I am a self taught art maker.  I started drawing when I was nine and went to an art school for kids set up by art educator, Gordon Tovey at King Edward Technical College in Dunedin (1956).   Use of other media came a little later and continued informally into adult life alongside the disciplines of music, songwriting, recording,  commercial writing & production for radio, that led to arts journalism, facilitation and curation.  
In the time of the Settlement of Ngai Tahu  with the Crown, the arts were seen as way to move the tribe forward and away from grievance.    I facilitated events featuring the work and thinking  of Ngai Tahu artists across performing, visual and language arts disciplines.  Coupled with my re-established faith in Christ, a need to paint grew,  alongside accelerated dimensions of colour, form and thought.  After four dynamic years with my iwi Ngai Tahu,  change was on my horizon.   I was interested in the application of the arts as a tool to build and strengthen skill amongst people groups and communities where there was less opportunity for creative development.  I was uncertain how that would transpire. 

At intervals between 2003 and 2009 I trialled arts programmes as a tool amongst prisoners in Canterbury Prisons. The idea was to use the arts to begin talking / thinking about vision and goals for their future.   I made art alongside men, women and youth, and took small collections of their work to public audiences outside the wire.  There were a number of smaller and some large scale works and events developed  over a period of 6 years including the Ruia Prison Arts Fund Raising exhibition (see Prison Art pages).

I received an Arts Access Aotearoa National Award for Arts Services to Prisoners in 2007.  On the back of that I joined two other writers to develop a National Prison Art Strategy for Arts Access Aotearoa and the Department of Corrections Wellington (2008-2012).  That work was completed in a time of major constraint;  the new Key government, a global economic downturn and complex restructuring of government departments.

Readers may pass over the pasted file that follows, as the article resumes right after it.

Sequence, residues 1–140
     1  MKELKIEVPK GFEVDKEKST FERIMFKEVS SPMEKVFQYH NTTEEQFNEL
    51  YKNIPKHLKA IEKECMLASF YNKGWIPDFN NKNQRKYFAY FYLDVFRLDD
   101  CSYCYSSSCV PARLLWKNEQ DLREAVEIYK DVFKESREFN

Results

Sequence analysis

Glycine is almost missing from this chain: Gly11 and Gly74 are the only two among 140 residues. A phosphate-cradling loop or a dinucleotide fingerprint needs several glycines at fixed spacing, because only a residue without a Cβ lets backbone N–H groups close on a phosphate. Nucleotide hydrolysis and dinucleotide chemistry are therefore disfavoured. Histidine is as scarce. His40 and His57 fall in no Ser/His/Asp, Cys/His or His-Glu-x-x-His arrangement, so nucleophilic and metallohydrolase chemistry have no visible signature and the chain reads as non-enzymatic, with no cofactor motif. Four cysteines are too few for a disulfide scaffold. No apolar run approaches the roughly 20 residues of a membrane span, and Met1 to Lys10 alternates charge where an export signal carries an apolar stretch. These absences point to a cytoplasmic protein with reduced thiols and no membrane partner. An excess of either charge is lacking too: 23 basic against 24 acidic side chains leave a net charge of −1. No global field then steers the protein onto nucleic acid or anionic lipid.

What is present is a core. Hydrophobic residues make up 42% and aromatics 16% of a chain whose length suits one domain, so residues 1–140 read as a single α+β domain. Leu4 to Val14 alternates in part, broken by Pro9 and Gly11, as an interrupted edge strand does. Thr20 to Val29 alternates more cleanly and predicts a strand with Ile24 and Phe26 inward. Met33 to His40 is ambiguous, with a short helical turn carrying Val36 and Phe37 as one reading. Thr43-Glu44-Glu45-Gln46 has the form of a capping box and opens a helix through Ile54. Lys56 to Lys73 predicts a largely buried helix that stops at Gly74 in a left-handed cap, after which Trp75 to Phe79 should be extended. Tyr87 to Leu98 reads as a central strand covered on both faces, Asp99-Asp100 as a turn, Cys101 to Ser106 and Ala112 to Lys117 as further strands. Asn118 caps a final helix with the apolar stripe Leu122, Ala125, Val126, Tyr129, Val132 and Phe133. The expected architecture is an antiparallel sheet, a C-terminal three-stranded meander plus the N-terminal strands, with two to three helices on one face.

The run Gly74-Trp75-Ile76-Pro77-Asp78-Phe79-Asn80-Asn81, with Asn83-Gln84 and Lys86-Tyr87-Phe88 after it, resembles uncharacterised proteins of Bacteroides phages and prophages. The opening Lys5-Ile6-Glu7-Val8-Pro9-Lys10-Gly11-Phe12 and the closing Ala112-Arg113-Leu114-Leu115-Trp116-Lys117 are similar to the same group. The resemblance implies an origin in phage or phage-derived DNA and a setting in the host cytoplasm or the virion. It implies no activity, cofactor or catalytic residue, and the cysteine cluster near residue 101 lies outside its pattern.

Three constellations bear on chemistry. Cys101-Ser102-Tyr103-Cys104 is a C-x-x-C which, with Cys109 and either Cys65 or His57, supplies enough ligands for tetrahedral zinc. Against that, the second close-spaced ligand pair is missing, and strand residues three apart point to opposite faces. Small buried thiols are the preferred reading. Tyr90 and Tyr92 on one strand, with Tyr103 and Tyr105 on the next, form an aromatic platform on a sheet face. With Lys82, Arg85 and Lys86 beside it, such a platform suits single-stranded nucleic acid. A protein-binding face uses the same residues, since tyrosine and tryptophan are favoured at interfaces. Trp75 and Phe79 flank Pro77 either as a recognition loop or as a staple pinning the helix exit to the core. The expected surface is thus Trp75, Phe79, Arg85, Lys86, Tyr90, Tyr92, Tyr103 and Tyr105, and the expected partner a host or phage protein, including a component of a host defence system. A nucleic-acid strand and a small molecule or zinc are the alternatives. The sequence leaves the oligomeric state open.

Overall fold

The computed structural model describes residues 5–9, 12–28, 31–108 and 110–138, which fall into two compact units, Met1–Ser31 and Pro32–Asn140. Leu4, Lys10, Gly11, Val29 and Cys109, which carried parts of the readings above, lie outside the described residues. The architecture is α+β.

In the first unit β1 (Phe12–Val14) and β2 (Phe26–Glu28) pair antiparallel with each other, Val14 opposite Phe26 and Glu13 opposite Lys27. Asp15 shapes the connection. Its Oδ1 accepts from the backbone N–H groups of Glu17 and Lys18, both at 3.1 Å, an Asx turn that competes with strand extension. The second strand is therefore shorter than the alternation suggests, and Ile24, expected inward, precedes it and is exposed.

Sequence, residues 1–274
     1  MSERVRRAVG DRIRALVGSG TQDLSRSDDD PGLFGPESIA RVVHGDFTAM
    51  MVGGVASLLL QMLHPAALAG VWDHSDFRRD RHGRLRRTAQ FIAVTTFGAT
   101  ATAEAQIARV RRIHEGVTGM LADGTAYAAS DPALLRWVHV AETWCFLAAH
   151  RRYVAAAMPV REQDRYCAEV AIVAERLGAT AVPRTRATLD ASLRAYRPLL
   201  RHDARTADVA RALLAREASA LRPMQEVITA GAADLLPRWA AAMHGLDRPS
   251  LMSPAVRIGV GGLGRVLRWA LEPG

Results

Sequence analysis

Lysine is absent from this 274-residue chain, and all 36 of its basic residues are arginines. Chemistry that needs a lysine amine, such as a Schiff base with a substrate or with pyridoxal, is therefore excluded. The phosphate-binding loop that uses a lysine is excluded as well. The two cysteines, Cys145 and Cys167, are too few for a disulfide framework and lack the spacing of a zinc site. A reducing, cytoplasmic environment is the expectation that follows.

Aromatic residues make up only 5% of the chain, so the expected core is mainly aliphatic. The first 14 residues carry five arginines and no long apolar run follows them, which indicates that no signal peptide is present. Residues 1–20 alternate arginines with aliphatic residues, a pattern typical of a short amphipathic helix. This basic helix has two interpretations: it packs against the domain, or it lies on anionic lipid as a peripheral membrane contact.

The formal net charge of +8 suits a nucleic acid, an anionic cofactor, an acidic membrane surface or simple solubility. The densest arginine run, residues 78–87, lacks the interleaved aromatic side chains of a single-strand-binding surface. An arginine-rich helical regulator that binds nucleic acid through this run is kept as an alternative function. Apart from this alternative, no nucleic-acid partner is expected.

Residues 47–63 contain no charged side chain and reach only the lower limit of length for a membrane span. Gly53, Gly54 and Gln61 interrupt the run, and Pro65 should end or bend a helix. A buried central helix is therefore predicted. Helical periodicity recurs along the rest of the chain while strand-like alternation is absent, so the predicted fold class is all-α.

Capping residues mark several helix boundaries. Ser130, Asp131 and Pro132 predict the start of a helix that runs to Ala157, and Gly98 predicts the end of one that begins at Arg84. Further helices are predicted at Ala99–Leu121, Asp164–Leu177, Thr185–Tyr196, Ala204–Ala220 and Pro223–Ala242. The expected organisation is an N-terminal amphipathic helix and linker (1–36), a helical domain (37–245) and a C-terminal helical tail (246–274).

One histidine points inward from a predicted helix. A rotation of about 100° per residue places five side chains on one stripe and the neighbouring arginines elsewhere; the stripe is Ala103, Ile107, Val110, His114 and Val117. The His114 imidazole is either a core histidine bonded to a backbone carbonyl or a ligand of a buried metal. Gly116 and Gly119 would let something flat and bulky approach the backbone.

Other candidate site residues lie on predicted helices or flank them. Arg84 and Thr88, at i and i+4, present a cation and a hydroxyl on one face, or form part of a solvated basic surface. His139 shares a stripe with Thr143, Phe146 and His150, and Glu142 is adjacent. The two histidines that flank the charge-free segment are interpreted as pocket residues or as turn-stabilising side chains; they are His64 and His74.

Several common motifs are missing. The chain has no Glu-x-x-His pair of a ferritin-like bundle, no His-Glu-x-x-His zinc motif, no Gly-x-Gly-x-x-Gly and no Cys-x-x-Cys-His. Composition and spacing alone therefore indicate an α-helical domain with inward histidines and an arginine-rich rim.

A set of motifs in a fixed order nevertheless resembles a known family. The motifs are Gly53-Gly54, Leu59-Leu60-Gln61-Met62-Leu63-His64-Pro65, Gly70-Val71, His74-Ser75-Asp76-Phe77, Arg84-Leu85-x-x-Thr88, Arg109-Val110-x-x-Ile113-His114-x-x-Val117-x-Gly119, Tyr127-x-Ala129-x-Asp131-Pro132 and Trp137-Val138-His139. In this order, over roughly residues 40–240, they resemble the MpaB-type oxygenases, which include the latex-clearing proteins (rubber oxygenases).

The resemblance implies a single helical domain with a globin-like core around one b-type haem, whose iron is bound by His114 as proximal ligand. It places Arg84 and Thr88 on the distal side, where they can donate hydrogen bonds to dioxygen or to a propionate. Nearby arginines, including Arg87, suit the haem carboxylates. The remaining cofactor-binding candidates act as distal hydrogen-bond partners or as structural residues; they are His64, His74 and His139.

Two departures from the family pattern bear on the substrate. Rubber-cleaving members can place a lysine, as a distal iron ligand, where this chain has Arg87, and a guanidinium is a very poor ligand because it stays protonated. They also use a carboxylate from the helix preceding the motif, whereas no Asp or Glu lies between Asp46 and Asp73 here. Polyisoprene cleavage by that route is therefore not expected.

In this period I met with The Learning Connexion who were delivering NZQA programmes to prisoner populations across New Zealand.  I was offered a series of scholarships between 2010 and 2015 that would familiarise me with their entire curriculum, activate a formal arts practice and introduce me to an all important understanding of materiality;  the use of, and to some degree a pursuit of mastery of  materials in order to have that material information translate into the narrative of work.  (See Arts Workshop on this site).














New pathways ...

22 August 2012Last month I said 'I don't think art lies'.  I'm still there. Whenever I manipulate lines to fit my grid of understanding,  I run the risk losing something or interfering with something I haven't yet recognized, or is still emerging/arriving.   My 'adjustments' often show up in the finished work as just that - I can't hide them and can't live with them.  The trick might be to plan ahead as much as possible, keep the lines simple,  alive and minimise any additional fiddling. 

The starting place this month was the familiar semi circular lines' of moko wahine that I spent years making.  Then there was a switch to acrylics, to open skies,  horizons and semi circular,  over arching lines and  then the same lines - faster and freer in graphite and pastel.   I was startled by an unexpected reconciliation - new pathways in every day life and the work made.  

Reconciliation is also about meeting TLC assignments through my own frame of reference,  pushing out from known marks that pretty rapidly become mundane if I spend too long there,  and running headlong into the risks of being in new ground.  The red works are incomplete new paintings -  layerings of oil stick over acrylic... more to come on that.


Moana Tipa: